Set Your Solo Business Up for Success With These Sustainable Strategies

You can never be all things to all people, but when you’re a solo agent, it may feel like you should try. Attempting to do everything yourself can be a surefire recipe for burnout, but flying solo has its perks too. In The Millionaire Real Estate Agent, Gary Keller and Jay Papasan characterize solo agents as people who value simplicity, autonomy, and freedom in their day-to-day businesses. So, how do you enjoy those solo-agent benefits while shoring up the sustainability of running your business alone? Try finding support, thinking big about branding, and committing to service.

Solo Doesn’t Mean Alone

The term “solo agent” only refers to a single sales agent, so the possibilities are endless when it comes to supporting yourself within your business. While many people may feel they have to do everything themselves, it’s important to recognize that you can bring several partners into the mix, like administrative support and technology vendors.

“I think there’s never been a bigger time or a better time for opportunity as well,” says Papasan, pointing to the technology and vendor relationships available to agents. “Whether that be a contract closed or not, you’re not responsible for your employee, yet they can take work off your plate; you can scale a pretty big business and be a solo partner.”

Think about which aspects of your business create the biggest pull on your efforts and time, and hire to delegate those, whether that means a transaction coordinator, an administrative assistant, or a showing assistant.

Chrissy Mallouf, a solo agent in Denton, Texas, with $27 million in volume for 2020, found she needed a showing assistant when low inventory meant she had to show four buyers the same home. She didn’t want her clients to know, so after each showing, she would drive around the block and hope those clients would leave before her next buyers showed up.

“This was when I needed help, so I called and got a showing assistant to help me,” she says. “That has been a huge help in my business. It’s really important to be able to give my clients that service and still have me, but if I’m not available, they’re still going to be able to get in that house and see it.”

Cast a Vision for Your Business

As a solo agent, you are your business, so it’s imperative to define your brand and your vision for your business as well as what sets you apart from other agents and teams. That brand definition can come from knowing what you’re working toward, your preferred method of lead generation, or tweaking your social media presence. While we often think of branding our businesses in intangible terms like fostering bonds with clients, don’t overlook the physical aspects of branding as well, including logo, typography, and colors.

Ruth Horace, a mother of six and a solo agent in San Antonio, Texas, with $13 million in volume in 2020, wanted her brand to be an extension of her identity as a “family person.” She even invited her clients to her own driveway over the holidays for a grab-and-go breakfast with Santa, an event she plans on repeating in the future.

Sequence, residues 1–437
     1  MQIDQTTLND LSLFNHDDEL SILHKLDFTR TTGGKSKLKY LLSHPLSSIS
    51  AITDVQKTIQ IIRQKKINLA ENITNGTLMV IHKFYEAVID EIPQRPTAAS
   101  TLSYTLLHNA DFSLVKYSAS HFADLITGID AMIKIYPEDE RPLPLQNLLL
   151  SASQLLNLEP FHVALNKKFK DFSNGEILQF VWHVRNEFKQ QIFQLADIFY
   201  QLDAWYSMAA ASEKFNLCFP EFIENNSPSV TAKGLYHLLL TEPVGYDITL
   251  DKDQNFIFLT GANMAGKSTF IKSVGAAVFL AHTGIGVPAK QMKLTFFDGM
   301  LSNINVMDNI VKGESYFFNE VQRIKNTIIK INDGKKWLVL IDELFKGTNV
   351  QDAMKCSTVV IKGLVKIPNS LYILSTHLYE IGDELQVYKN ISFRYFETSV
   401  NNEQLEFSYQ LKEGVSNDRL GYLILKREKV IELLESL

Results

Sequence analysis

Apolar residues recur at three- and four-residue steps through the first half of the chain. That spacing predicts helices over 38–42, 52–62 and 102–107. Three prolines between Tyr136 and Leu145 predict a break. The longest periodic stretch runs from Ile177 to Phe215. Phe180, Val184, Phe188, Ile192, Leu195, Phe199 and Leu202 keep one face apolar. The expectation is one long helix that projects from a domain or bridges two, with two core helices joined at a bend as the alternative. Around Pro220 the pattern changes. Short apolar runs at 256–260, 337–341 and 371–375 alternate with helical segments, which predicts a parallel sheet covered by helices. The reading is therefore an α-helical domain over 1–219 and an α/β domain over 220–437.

“When I have a client and we close, I’m like, ‘Welcome to the family!’” she says. “Having a 14-year business with nothing but referrals is really important because they do know that they’re part of the family. They’re included. They’re never forgotten whether it’s a holiday, a birthday, or a recipe they’d like. For me, the bottom line is if you’re not building a relationship with genuine concern and love for them, it’s not going to come back to you.”

It’s worth taking the time to examine what a successful and sustainable lead generation strategy looks like for you, whether it’s prioritizing time for more one-on-one interaction or thinking outside the box to a personally branded magazine or jumping on the TikTok bandwagon.

Focus on Service, Value, and Your Database

The three fundamentals of every sales business are service, value, and building your database. Those three items are just as important, if not more so, for the solo agent, and Mallouf found a niche for achieving all three within her use of social media, which has in turn become her top source of leads.

“Being relatable is number one,” she says. Here are some ways through which Mallouf has built a relatable persona online:

  • Hamming it up in music videos. “I’m not good at singing, but I can dance all day long,” she says.
  • Spotlighting favorites in the community, like her favorite breakfast taco place.
  • Getting the word out about her appearances at community events. “I provide food and swag and cookies with my face on it,” she says.
  • Showcasing those who need it most and inviting followers to give back alongside her. “We pick charities, and we’ll have a big check presentation, or we’ll have people show up with canned foods or gift cards for the children’s home,” she says.
  • Asking for input – and then getting a little extra. “In the month of December, I have a landing page where people nominate houses that have extreme Christmas lights,” she says. “Then I’ll go live and show up at the door with a big trophy.”

As Mallouf has found, authenticity can deepen the bench in your database while also offering service that feels true to who you are.

“Social media is definitely a great catapult to your business if you use it right,” she adds. “You always have to maintain a positive image, so a lot of my posts are helpful. You want to be that resource, that local expert.”

How do you avoid burnout as a solo agent? Let us know in the comments section.